Public Service Content (Broadcasting and Beyond) – Online, On Demand, on TV
8.30 – 13.00, Tuesday, 8th December 2015
“Public service content is more important in the era of unlimited choice”
With a keynote presentation from:
Director of Policy and Government Affairs, Ofcom
and further presentations from:
Professor Steven Barnett, University of Westminster; Magnus Brooke, ITV; Peter Fison, South West London TV; Chris Haydon, Community TV Trust; James Heath, BBC; Paul Herbert, Goodman Derrick; Margo Horsley, Public Service Broadcasting Trust; Adam Minns, Commercial Broadcasters Organisation; John McVay, Pact andPhil Critchlow, Radio Independents Group.
With Channel 4 up for sale (maybe), the BBC gearing up for Charter Renewal (and nearly 80,000 people responding to the Government’s Green Paper on the Corporation’s Future) and ITV and Channel 5 (one year into their new licenses) continuing to consider whether PSB status is in their financial best interest, this seminar will offer delegates an opportunity to look at the public service landscape but go beyond broadcasting and consider, (1) what it means (2) how it should be funded and (3) its relevance in the 21st Century.
The conference will explore beyond the BBC, consider the emerging role of commercial broadcasters such as Sky, Discovery and A+E Networks and whether, as some analysts believe, the future players in the PSC market will be the likes of Google, Facebook and Netflix (and the implications thereof for investment, ‘broadcast’ and access).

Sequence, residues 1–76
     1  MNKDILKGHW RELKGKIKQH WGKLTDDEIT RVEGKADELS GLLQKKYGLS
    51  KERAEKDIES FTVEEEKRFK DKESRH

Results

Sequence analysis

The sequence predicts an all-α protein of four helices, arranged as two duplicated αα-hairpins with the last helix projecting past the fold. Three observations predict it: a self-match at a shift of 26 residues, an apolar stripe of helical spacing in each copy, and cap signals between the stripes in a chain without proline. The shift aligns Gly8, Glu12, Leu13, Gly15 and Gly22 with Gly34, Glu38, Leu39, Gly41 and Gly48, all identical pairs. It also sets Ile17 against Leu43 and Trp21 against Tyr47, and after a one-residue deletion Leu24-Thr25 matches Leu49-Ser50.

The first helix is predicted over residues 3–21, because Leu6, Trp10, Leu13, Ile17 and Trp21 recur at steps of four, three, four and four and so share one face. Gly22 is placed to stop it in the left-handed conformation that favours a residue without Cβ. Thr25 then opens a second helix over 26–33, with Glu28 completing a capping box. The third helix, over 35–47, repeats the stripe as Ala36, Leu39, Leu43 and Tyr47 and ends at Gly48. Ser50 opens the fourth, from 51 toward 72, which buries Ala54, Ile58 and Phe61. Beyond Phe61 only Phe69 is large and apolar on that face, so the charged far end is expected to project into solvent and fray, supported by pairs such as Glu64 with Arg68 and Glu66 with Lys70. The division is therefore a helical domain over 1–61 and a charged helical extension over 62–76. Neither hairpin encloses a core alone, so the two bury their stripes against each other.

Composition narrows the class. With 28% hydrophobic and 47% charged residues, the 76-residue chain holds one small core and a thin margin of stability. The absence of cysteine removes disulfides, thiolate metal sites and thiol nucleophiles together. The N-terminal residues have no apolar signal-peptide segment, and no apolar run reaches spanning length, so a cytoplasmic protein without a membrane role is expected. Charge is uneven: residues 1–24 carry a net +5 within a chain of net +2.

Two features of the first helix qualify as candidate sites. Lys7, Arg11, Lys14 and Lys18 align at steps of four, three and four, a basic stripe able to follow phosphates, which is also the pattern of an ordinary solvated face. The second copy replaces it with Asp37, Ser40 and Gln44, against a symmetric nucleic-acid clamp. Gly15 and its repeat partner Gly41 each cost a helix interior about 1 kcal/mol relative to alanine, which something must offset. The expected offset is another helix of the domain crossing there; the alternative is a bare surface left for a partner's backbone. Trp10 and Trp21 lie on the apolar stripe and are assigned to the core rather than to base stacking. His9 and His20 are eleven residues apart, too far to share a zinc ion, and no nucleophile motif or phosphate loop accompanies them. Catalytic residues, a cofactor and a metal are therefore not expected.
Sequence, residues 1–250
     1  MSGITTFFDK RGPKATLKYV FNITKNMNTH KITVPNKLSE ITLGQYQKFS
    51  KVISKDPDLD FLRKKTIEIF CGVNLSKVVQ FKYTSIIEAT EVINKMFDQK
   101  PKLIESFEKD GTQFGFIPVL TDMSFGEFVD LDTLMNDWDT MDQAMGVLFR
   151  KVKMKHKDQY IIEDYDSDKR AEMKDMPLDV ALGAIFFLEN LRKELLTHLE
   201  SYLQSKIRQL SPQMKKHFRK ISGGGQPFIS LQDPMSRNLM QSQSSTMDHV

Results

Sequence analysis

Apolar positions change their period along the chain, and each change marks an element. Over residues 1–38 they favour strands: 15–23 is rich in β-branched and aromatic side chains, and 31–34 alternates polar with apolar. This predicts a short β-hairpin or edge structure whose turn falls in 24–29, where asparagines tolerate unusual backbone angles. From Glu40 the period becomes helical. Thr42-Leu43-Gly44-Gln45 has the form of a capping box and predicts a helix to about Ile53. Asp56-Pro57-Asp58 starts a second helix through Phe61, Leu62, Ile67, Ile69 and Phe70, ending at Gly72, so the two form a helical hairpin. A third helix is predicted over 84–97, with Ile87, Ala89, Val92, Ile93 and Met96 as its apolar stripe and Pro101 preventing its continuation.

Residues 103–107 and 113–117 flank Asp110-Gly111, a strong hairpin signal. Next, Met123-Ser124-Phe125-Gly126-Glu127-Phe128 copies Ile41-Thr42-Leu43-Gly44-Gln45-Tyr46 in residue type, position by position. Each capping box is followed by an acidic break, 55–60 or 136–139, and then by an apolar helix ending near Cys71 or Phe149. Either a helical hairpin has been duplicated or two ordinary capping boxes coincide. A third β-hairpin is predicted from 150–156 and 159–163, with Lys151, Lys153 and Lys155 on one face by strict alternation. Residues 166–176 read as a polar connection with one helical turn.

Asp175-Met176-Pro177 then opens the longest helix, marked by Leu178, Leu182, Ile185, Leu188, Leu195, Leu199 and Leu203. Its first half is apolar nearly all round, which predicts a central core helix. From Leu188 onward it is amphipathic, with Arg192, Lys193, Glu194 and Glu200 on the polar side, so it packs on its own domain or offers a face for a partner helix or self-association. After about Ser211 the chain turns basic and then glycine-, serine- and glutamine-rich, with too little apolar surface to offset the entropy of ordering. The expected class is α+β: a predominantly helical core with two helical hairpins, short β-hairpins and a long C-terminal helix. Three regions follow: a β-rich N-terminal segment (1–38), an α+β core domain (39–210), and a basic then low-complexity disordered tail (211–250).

Delegates will also examine, in the context of the BBC being accused of going beyond its remit, what PSC is the in the modern context, the emerging funding options – including how to finance online productions – and what is needed to encourage the production of high quality and diverse content in fragmented market.
- Public service content – Is the Reithian definition relevant in multicultural, multichannel, multiplatform Britain, what does PSC mean in the 21st Century?;
- Funding – emerging options to fund local news, children’s programming and other content without a clear financial payoff, beyond the BBC and the role of commercial operators; and
- Digital PSC – In the context of the Ofcom’s ‘Public Service Broadcasting in the Internet Age‘, the long mooted concept of the Public Service Publisher and the exceptional work of Channel 4 on creating high quality webspace how is PSC set to evolve? – Could preferential EPG placement be replaced by preferential Google rankings?
Information and an up to date agenda can be found online here.
Places have already been reserved for representatives from BBC, Fremantlemedia,RTÉ; S4C; Channel 4; Public Service Broadcasting Trust; Analysys Mason;University of Westminster; Campaign for Press and Broadcasting Freedom; UTV; MG ALBA; Virgin Media; Channel 5; Compact and Liberum Capital.
Event and booking information